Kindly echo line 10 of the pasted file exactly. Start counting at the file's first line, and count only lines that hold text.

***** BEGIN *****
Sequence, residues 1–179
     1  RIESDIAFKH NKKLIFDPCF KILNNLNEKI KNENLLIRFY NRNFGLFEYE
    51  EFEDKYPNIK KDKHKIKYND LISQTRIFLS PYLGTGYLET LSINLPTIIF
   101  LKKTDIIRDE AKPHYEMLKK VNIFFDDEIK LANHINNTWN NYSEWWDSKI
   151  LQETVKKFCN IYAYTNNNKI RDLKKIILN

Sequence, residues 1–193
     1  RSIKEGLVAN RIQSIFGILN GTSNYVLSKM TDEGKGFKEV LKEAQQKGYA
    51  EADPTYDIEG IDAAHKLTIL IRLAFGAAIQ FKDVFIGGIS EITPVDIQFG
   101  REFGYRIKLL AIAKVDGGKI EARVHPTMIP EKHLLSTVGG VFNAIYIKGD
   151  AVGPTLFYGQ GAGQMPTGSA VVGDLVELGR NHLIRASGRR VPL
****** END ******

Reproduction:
   151  AVGPTLFYGQ GAGQMPTGSA VVGDLVELGR NHLIRASGRR VPL